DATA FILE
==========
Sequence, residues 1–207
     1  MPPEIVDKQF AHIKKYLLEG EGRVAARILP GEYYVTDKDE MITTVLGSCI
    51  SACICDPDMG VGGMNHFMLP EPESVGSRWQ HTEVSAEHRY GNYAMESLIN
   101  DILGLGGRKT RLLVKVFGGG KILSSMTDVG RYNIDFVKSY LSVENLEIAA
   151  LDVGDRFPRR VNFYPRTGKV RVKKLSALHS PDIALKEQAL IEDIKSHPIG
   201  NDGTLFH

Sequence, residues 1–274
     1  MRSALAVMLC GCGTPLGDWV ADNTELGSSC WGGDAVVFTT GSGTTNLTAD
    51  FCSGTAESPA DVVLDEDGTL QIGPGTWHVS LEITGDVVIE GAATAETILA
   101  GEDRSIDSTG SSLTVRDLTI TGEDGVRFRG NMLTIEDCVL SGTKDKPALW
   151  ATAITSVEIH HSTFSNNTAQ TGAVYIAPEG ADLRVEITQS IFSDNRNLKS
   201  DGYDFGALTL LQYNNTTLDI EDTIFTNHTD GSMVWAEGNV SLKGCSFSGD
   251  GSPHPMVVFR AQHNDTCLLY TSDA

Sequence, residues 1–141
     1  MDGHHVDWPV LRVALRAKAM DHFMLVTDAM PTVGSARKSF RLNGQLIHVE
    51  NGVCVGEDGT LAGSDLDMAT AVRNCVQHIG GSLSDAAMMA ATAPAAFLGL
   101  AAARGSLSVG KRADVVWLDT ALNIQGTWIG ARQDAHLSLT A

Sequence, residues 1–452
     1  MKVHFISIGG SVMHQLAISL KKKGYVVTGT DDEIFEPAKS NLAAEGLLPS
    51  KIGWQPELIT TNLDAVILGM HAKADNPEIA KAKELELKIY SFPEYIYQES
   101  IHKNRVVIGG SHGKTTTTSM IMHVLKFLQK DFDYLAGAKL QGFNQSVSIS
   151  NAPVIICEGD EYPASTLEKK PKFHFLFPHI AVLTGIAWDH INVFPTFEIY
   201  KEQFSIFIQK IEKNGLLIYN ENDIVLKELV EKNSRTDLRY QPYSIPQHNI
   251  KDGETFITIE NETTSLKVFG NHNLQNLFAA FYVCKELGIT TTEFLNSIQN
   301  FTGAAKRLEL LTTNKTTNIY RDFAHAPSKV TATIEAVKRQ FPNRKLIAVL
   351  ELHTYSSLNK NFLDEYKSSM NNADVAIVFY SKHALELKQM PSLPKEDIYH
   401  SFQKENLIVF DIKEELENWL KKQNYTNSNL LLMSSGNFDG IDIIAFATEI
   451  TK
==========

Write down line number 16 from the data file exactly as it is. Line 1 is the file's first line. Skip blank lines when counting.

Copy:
    51  NGVCVGEDGT LAGSDLDMAT AVRNCVQHIG GSLSDAAMMA ATAPAAFLGL